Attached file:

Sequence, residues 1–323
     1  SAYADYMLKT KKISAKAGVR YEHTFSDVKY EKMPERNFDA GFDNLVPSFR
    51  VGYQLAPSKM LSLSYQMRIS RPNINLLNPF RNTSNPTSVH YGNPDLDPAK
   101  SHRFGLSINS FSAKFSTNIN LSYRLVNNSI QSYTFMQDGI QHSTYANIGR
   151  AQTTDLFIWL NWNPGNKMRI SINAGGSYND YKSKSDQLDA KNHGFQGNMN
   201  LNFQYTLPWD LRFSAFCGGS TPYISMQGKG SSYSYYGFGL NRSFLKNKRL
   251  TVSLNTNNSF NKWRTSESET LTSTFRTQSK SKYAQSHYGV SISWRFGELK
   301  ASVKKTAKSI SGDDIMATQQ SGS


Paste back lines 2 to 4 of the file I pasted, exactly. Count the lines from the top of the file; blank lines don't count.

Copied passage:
     1  SAYADYMLKT KKISAKAGVR YEHTFSDVKY EKMPERNFDA GFDNLVPSFR
    51  VGYQLAPSKM LSLSYQMRIS RPNINLLNPF RNTSNPTSVH YGNPDLDPAK
   101  SHRFGLSINS FSAKFSTNIN LSYRLVNNSI QSYTFMQDGI QHSTYANIGR